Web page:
Elsie Shields is always smiling, especially over spicy Thai salad
By Dana Sachs
When Elsie Shields and I meet for lunch one day at Big Thai Restaurant in Landfall Center, she describes the early part of her morning by listing activities that a lot of people hate: “Washing sheets, watering plants, making breakfast and snacks.”
But Elsie looks quite pleased about her day so far. She has a big smile on her face when she adds, “and then I did it all again.”
That smile doesn’t seem to be unusual for Elsie, which is a good thing for a person who runs a business called Always Good Company. Elsie and her staff of eight provide good company in the form of companionship care for adults who need assistance. In this line of work, it helps to have a sunny disposition, particularly on a busy day. This morning has been busy. First, Elsie met with Betty, an 88-year-old woman, and then she went to visit Marion, who is 88 too. At Marion’s place, “I knocked on the door, then let myself in with the key. First, I made her coffee and while she drank it, I fed the cat, made her bed, opened the blinds, then made her eggs, got her the newspaper, emptied the dishwasher, scooped the litter box, cleaned her bathroom and helped her get dressed.”
Most of Elsie’s clients are elderly people who want to maintain their engagement with the world but don’t necessarily have the energy or stamina to do so independently. Elsie and her staff help by taking them, for example, to manicure appointments, physical therapy or the library. Sometimes they go out for lunch or stop somewhere for a beer. The goal lies in helping people remain active and stimulated, not necessarily in accomplishing any specific goal together. At the library, for example, Elsie says, “they check out lots of books. If they don’t read them, we take them back. What’s the difference?”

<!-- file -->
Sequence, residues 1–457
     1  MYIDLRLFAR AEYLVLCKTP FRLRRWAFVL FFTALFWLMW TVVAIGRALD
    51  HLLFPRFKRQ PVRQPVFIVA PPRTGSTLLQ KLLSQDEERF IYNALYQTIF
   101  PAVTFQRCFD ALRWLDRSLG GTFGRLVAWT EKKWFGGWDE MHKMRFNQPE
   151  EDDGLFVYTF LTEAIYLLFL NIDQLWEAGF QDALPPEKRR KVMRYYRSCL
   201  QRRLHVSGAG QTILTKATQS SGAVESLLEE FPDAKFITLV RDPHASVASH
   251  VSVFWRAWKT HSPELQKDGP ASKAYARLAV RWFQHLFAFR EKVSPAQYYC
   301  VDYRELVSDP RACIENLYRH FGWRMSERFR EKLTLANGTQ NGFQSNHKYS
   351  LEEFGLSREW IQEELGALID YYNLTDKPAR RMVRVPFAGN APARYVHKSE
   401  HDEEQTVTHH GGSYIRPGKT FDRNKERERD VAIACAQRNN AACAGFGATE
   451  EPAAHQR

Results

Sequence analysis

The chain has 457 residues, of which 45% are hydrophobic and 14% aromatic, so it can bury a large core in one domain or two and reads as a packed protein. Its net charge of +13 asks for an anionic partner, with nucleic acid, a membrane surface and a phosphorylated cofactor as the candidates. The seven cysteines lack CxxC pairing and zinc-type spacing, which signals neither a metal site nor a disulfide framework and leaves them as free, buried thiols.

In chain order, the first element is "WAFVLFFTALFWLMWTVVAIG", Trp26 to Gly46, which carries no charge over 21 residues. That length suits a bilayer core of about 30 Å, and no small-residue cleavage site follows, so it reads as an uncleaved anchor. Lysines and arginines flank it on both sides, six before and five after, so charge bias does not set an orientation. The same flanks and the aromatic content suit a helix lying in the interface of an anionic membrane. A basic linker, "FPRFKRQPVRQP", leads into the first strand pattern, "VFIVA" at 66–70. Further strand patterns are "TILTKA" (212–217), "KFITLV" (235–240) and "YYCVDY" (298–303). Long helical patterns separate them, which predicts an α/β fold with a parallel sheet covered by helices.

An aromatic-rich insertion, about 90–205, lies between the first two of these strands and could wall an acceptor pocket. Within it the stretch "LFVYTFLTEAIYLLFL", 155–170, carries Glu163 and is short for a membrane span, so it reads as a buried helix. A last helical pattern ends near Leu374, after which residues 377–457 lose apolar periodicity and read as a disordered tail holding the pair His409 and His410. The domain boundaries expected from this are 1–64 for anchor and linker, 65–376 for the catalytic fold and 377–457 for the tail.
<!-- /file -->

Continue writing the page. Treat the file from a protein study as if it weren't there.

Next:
Elsie opened the business in 2013, and she’s found that she loves interacting with her clients. “I could get wisdomy, but honestly, you get to a certain age and you realize that none of the stuff you worry about matters.”
Wisdomy or not, Elsie doesn’t need anyone to teach her that lesson. She learned it herself, the hard way. In 2006, when Elsie was 37, she and her husband, Patrick, were running The Everyday Gourmet, their shop in Porter’s Neck, and raising two boys, 2-year-old Aidan and 5-year-old Patrick. They had opened the store 10 years earlier, but it had only recently become a success. Patrick, a professional chef, was catering for private airlines and, in May of that year, Harris Teeter made a deal with him to start selling The Everyday Gourmet brand of chicken salad in area stores.
“That never happened,” Elsie says. Patrick died a few days later.
He had gone to Atlanta to celebrate his goddaughter’s First Communion. Late at night, after spending the evening with his family, he fell while walking down the stairs at his brother’s house. His head hit a step, killing him instantly. Back home in Wilmington, Elsie was wondering why she hadn’t heard from her husband. And then, a few hours later, a family member showed up at the house.